Talk:Battle of Lake Khasan

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Old talk[edit]

That didn't sound right to me. Please read the following documents, which are quite plain.

  • Coox, Alvin D. The Anatomy of a Small War: The Soviet-Japanese Struggle for Changkufeng!Khasan, 1938. Westport, Conn.: Greenwood Press, 1977
  • Senshishitsu, ed. Senshi sosho Kantogun (戦史叢書 関東軍) (1) Tai So senbi Nomonhan jiken. Tokyo: Asagumo shimbunsha, 1971. The Japan National Defense College's official history of the Nomonhan fighting, This is the best single treatment of Nomonhan battles
  • (Battle of Halhin Gol)

Kanoen 16:42, 23 Apr 2005 (UTC)

I am not going to do any research here. I am not a historian. I wrote this text for the sole reason it was missing and it was mentioned in the article Military history of the Soviet Union. If you have another version of the beginning of the events, please present it. I am aware that I described the Soviet version of the events. The view fom the opposite side is only welcome. But you cannot remove statements without a reason presented that they are wrong or dubious.
So, are you saying that there was no incursion of Japanese military into the territory controlled by Soviets?. At least it is 100% clear it was not vice versa, since at the moment of conflict Soviets had a mere handful of border troops in place, and the Soviet regular army arived only several days after the conflict began. Mikkalai 02:38, 24 Apr 2005 (UTC)

By the way, since as I see you are working on japanese topics, please take a look at the Japanese nationalism article, currently under an intensive development by an anonymous editor. Mikkalai 03:25, 24 Apr 2005 (UTC)

I am content with current version since I don't intend to justify Japanese action. Having a time, I will write the article in addition. Kanoen 08:10, 24 Apr 2005 (UTC)


This seems a bit contradictory to me: "In 1933, the Japanese designed and built an armored train designated "Rinji Soko Ressha" (Special Armored Train). The train was deployed at "2nd Armored Train Unit" in Manchuria and participated in the First Sino-Japanese War and the Changkufeng conflict against the Soviets transporting thousands of Japanese troops to and from the battlefield, displaying to the West the ability of an Asian nation capable of adopting and implementing Western ideas and doctrine concerning rapid infantry deployment and transportation." That part about the train being built in 1933... how could it have served in the First Sino-Japanese War? It's possible im not reading it right but that would mean it's unclear. Rossph1 21:48, 30 May 2007 (UTC)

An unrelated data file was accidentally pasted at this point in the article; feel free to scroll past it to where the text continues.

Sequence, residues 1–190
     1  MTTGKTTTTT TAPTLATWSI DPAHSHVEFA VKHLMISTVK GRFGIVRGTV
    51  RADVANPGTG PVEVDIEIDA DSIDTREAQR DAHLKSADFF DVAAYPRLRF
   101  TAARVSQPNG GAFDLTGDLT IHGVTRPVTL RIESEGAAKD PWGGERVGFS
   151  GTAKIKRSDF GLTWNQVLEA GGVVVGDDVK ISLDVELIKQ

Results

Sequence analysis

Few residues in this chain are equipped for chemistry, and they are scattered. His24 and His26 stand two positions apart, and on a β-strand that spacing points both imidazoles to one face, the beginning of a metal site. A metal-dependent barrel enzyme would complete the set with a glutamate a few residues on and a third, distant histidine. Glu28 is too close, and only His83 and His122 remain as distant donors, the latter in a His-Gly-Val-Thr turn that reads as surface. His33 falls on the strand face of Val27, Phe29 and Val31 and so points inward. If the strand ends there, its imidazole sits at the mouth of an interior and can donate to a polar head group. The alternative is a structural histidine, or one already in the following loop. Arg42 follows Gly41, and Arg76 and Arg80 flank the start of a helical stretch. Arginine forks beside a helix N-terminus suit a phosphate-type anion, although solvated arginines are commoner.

If the fact described is generally correct then it should have been as simple as Second Sino-Japanese War. Fixed; provisionally. `'юзырь:mikka 23:05, 30 May 2007 (UTC)

Please make sense[edit]

So the incident ended with the Soviet victory, the Japan invaders were repelled, yet somehow the article ends with the obligatory "Poor Soviet fighting..." etc. Whoever wrote this, please try to make some sense. —Preceding unsigned comment added by (talk) 08:47, 6 November 2007 (UTC)

Soviet victory?[edit]

You have no idea what really happened at Lake Khasan. —Preceding unsigned comment added by (talk) 14:53, 13 July 2009 (UTC)

Some moron keeps changing "japan victory" into "soviet" :/ — Preceding unsigned comment added by (talk) 10:57, 23 March 2015 (UTC)


On the one hand the article states:" The Japanese forces were never able to challenge the Red Army again." and in the next paragraph:" The Japanese military, while taking the lesson seriously, was willing to engage with the Soviets once more, in the more extensive Battle of Khalkhin Gol (Nomonhan) in the Soviet-Japanese Border War of 1939." Those sentences contradict each other. Because I have no knowledge on this subject, I am not able to change it. Wereldburger758 (talk) 03:13, 16 September 2011 (UTC)

I removed the sentence "The Japanese forces were never able to challenge the Red Army again." as it contradicted by the following paragraph "The Japanese military, while taking the lesson seriously, was willing to engage with the Soviets once more, in the more extensive Battle of Khalkhin Gol (Nomonhan) in the Soviet-Japanese Border War of 1939." Perhaps the original author will clarify the intended meaning of the deleted sentence which makes no sense as it was written. Seki1949 (talk) 05:32, 27 December 2011 (UTC)
"On August 10, the Japanese prime minister sent to the United States [citation needed] asked for peace and the hostilities ceased on August 11." I assume that the Japanese prime minister sent 'a note' to the United States asking for peace and that whoever added the 'citation needed' accidently deleted a few words of text. Because I have no documentation on this point, I am not going to change it. Perhaps the answer is in the revison history for someone with more skill than I to research. Seki1949 (talk) 05:38, 27 December 2011 (UTC)

File:KhasanBadge.jpg Nominated for Deletion[edit]

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Article Battle of Lake Khansan uneducating[edit]

     There is no point in this Article that has no relevant information of fact.
     Any Japanese Claims of Border issues ignore their own Military extensions 
     beyond the Borders of their own Country Japan.
     There were no Japanese Tanks used in this engagement. There are no Soviet
     or Japanese accounts that are reputable that mention this.

Japenese victory?[edit]

Why? — Preceding unsigned comment added by (talk) 05:47, 27 March 2015 (UTC)